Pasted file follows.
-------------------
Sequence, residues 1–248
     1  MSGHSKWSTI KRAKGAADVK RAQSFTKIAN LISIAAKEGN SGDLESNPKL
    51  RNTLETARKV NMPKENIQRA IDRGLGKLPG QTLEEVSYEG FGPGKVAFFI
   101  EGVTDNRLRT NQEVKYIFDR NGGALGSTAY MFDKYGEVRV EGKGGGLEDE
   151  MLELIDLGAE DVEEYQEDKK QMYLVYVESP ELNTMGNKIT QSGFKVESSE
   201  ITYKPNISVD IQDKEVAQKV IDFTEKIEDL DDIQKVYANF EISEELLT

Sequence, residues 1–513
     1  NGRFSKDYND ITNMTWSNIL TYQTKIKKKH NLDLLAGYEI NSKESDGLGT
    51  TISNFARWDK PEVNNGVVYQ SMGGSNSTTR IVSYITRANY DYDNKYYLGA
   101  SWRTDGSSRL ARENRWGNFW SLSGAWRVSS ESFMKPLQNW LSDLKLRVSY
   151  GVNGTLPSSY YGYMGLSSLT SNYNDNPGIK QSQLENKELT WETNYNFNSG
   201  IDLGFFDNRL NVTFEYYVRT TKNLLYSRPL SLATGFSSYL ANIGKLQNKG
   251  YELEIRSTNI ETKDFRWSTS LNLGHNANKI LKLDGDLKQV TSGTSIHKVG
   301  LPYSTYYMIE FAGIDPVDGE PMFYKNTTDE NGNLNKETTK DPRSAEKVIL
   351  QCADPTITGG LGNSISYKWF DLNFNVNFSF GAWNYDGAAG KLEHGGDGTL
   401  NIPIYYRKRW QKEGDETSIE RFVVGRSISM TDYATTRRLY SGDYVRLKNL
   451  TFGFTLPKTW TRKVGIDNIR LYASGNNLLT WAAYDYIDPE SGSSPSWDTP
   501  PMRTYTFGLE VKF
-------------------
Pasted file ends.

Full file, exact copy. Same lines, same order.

Sequence, residues 1–248
     1  MSGHSKWSTI KRAKGAADVK RAQSFTKIAN LISIAAKEGN SGDLESNPKL
    51  RNTLETARKV NMPKENIQRA IDRGLGKLPG QTLEEVSYEG FGPGKVAFFI
   101  EGVTDNRLRT NQEVKYIFDR NGGALGSTAY MFDKYGEVRV EGKGGGLEDE
   151  MLELIDLGAE DVEEYQEDKK QMYLVYVESP ELNTMGNKIT QSGFKVESSE
   201  ITYKPNISVD IQDKEVAQKV IDFTEKIEDL DDIQKVYANF EISEELLT

Sequence, residues 1–513
     1  NGRFSKDYND ITNMTWSNIL TYQTKIKKKH NLDLLAGYEI NSKESDGLGT
    51  TISNFARWDK PEVNNGVVYQ SMGGSNSTTR IVSYITRANY DYDNKYYLGA
   101  SWRTDGSSRL ARENRWGNFW SLSGAWRVSS ESFMKPLQNW LSDLKLRVSY
   151  GVNGTLPSSY YGYMGLSSLT SNYNDNPGIK QSQLENKELT WETNYNFNSG
   201  IDLGFFDNRL NVTFEYYVRT TKNLLYSRPL SLATGFSSYL ANIGKLQNKG
   251  YELEIRSTNI ETKDFRWSTS LNLGHNANKI LKLDGDLKQV TSGTSIHKVG
   301  LPYSTYYMIE FAGIDPVDGE PMFYKNTTDE NGNLNKETTK DPRSAEKVIL
   351  QCADPTITGG LGNSISYKWF DLNFNVNFSF GAWNYDGAAG KLEHGGDGTL
   401  NIPIYYRKRW QKEGDETSIE RFVVGRSISM TDYATTRRLY SGDYVRLKNL
   451  TFGFTLPKTW TRKVGIDNIR LYASGNNLLT WAAYDYIDPE SGSSPSWDTP
   501  PMRTYTFGLE VKF